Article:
Monday, May 14, 2012

New Gas Line

While researching possible causes of my fuel delivery issue, I read that the old BMW cloth-covered lines are porous and can start to suck air when they age. All the lines in my car are relatively new, with the exception of the hose from the fuel tank to the hard line under the rear firewall. The old hose looked pretty bad once removed from the trunk of the car (after I disconnected the battery - better safe than sorry).
I replaced it with a $4 piece of hose from NAPA.
I swear the car starts faster and feels like the fuel pump is working more efficiently but perhaps I'm imagining the extent of the benefit. The true test will come when the fuel level drops below half a tank. We'll see if we "run out of gas" again.

Thursday, May 10, 2012

Out of Gas but Grounded

For the very first time today I ran out of gas, going uphill on an arterial road. Luckily I was able to back down the deserted street and maneuver into a large parking lot beside a bank. At first I was unclear as to why the car was no longer getting fuel delivered to the engine but the solution was soon obvious. The interesting back-story is that I recently installed a ground strap from the battery to the car chassis in an effort to quiet down a bouncing gas gauge. Well, the gauge stopped flickering and the new development was so exciting I forgot to monitor the actual fuel level! And so I found myself waiting for AAA truck and a gallon of petrol. A guy stopped by to chat about the car; he owned a 1972 Datsun 510, he said, and we compared notes while I looked sheepish. The AAA tow truck arrived and the driver put $5 worth of gas in the tank. A shot of fuel direct to the carb enabled the engine to fire long enough for the mechanical fuel pump to do its job and off I went, chagrined.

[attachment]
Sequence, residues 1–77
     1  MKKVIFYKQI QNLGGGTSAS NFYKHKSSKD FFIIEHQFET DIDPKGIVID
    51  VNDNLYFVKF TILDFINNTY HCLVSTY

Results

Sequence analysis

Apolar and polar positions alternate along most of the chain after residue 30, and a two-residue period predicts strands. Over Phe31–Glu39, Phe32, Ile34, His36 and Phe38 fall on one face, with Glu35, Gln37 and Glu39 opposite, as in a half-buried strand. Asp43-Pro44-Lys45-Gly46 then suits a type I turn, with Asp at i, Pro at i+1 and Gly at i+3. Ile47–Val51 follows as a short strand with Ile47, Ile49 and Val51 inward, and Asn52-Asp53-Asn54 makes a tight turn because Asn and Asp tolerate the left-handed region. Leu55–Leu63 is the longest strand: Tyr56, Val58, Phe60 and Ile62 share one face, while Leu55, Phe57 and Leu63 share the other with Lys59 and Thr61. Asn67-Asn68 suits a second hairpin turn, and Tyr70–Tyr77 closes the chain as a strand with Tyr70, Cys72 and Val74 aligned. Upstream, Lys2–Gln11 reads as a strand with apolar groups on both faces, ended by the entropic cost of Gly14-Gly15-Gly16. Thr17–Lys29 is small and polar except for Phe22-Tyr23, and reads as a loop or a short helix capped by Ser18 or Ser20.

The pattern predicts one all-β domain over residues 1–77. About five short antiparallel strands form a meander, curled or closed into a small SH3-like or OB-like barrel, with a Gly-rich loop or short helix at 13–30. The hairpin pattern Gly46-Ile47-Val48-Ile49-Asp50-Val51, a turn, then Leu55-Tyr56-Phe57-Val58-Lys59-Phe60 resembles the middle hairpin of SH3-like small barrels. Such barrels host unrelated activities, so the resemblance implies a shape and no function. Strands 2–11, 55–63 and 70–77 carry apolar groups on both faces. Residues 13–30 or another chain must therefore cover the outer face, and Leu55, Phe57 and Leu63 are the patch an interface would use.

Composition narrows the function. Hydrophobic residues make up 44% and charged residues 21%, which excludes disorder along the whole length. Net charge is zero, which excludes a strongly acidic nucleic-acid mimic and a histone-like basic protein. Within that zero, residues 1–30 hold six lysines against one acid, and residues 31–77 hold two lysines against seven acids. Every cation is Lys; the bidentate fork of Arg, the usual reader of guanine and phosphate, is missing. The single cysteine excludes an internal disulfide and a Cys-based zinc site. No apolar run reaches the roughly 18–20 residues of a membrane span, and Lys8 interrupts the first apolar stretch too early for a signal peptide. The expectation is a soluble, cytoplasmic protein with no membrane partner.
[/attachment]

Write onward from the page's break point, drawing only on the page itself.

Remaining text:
Shiny new ground strap proves to be a distraction from careful driving habits POSTSCRIPT: I discovered that I still had half a tank of gas when the tank supposedly went dry. Time to drain the tank and clean the sludge from the screen at the bottom of the fuel sender.

Sunday, May 6, 2012

A Visitor

My friend Jessup dropped by today in his new 1976 2002. A fine sunny afternoon enhanced the viewing.
He recently bought the car, which has minimal rust, a Weber 32/36 in excellent running order, and like-new Recaro seats in front. Not to mention a 5-speed swap. The '02 also has a sunroof, which may or may not come in handy much, here in Seattle.

Friday, May 4, 2012

NK from an 02

At the store yesterday I ran into my friend Riley, who has restored this '76 2002 over the last year or so. I thought, too bad I don't have a camera to take a few pics of his car, but turns out that he was armed with his own device at the time.

Sunday, April 22, 2012


Ever since I bought the car there has been a whistle at the top of the driver's door. Kind of embarrassing when I take people for a ride in the NK, only to have the thing sound like a demented tea kettle. Last year I determined that the noise was likely due to the deterioration of the small door seal that is mounted on the body of the car inside the door frame.